from the Illinois Board of Higher Education
November 9, 1998
Contact: Ross Hodel, 217/782-2551
Don Sevener, 217/782-3632
SURVEYS FIND BROAD SUPPORT FOR CITIZEN'S AGENDA GOALS
SPRINGFIELD, November 9, 1998 Illinois citizens and opinion leaders voice strong support for colleges and universities and for the goals of the Board of Higher Education Citizens' Agenda master planning initiative, according to surveys conducted for the IBHE by the University of Illinois at Chicago (UIC). Citizens see a college degree as a passport for future economic success, and a significant majority approve of spending more on education, the opinion surveys found.
But citizens and opinion leaders agreed that policy-makers must ensure that a college degree remains affordable and that colleges and universities do an even better job of preparing workers for the job market. The surveys also revealed that higher education should forge productive partnerships with elementary and secondary schools and improve training of schoolteachers.
Those are among the conclusions of polls commissioned by the IBHE to gauge public satisfaction with colleges and universities and to solicit guidance from various constituents on goals for higher education.
"Higher education is critical to individual success and to the success of the state," Jerry D. Blakemore, chairman of the Board of Higher Education, said. "These surveys demonstrate that the public and opinion leaders value the work of colleges and universities, and view a college education as vital to an individual's economic well-being and the state's continued prosperity. We need to improve our quality product to further improve the quality of life in our state."
The UIC survey team questioned 654 adults, chosen randomly, and 40 opinion leaders for the first two of four polls. A survey of Illinois employers, conducted by Northern Illinois University, and one of college seniors, undertaken by the U. of I. at Springfield, will be released in coming weeks.
Overall, both the general public and opinion leaders gave higher education high approval ratings - 93% of citizens and 95% of opinion leaders said public and private colleges and universities were doing a good job when "strongly approve" and "approve" answers were combined.
"This is an impressive and valuable show of support," Keith R. Sanders, IBHE executive director, said. "Our fellow citizens and those in positions of influence have resoundingly endorsed higher education, and they have given us helpful advice on the public purposes that higher education should serve." Sanders said the surveys will help the Board of Higher Education refine its goals for the Citizens' Agenda, a policy blueprint to carry colleges and universities into a new century.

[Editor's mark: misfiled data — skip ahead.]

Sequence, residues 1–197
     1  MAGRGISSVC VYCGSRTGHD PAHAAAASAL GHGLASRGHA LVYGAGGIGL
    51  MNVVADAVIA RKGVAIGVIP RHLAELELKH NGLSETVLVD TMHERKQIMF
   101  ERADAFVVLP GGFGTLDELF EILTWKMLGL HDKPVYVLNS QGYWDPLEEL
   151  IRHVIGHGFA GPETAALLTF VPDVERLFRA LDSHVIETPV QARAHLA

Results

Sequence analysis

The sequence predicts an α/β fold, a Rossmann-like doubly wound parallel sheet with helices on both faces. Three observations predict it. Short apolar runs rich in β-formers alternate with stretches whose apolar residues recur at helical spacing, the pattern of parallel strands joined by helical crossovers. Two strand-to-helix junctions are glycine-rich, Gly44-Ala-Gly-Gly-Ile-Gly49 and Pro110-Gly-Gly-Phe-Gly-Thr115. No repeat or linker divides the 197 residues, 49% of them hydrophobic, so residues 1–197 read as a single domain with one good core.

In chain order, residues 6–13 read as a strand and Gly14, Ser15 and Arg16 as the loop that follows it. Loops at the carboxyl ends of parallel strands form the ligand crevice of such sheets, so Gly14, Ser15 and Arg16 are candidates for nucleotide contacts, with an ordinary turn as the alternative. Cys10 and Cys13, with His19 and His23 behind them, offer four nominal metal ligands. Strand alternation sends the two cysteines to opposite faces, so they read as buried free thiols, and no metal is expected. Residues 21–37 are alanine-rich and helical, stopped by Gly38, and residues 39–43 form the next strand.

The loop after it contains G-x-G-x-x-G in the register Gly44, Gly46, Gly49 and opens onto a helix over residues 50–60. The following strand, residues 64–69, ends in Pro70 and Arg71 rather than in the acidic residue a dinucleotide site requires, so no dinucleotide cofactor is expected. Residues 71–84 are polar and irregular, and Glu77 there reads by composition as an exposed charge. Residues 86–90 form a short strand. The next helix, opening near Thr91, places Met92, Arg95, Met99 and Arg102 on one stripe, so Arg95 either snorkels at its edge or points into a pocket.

Among the key findings of the adult resident and opinion leader surveys were:
The survey team also questioned respondents about the goals of the Citizens' Agenda, the IBHE planning initiative that is exploring such issues as affordability, access to higher education, quality of college studies, productivity of institutions, and the success of minority students. Without exception, the Citizens Agenda goals were overwhelmingly embraced by both citizens and opinion leaders.
When considering just those who answered "very important," the citizens' top priorities were:
The opinion leaders' highest rated goals were:
While the overall approval rating for higher education was high, the surveys revealed several areas where both the public and opinion leaders found room for improvement. For example, two in five opinion leaders thought higher education did only a fair job of preparing young people to participate well as citizens, improving the state economy, and instilling ethical values in students. Opinion leaders also voiced concern about the quality of undergraduate education. Said one: "I think that at some universities the importance of quality teaching is undervalued" and another: ";I believe we need improvement in our math and sciences for all students."
Affordability of college also raised concerns. A majority of the general public strongly agreed that college students must borrow too much to finance their education, that Illinois should not permit the price of a degree to be a barrier to college, and that the state should give tax breaks to help students pay for college. Views of opinion leaders, while less intense, also supported measures to ensure college is affordable. Neither group, however, favored increasing taxes to make college more affordable.
Asked for alternatives, opinion leaders focused on greater efficiency as the means to lower the cost of college without increasing taxes. Said one leader: "Higher education in Illinois is not very efficient. Many of the programs provided are duplicative from one institution to another." Said another: "I strongly believe that higher education has not begun to seriously cut costs. No new taxes should even be considered until serious cost cutting action have been implemented."
Sanders said the surveys reinforce other signs - including results of the Nov. 3 election - that education has returned to the forefront of public priorities. "We have taken this unprecedented step of asking citizens about our policy initiatives because we want their agenda to be our agenda. These surveys, and those yet to come, will inform our deliberations as we prepare a new budget for fiscal 2000 and create policies that will guide higher education into the next century."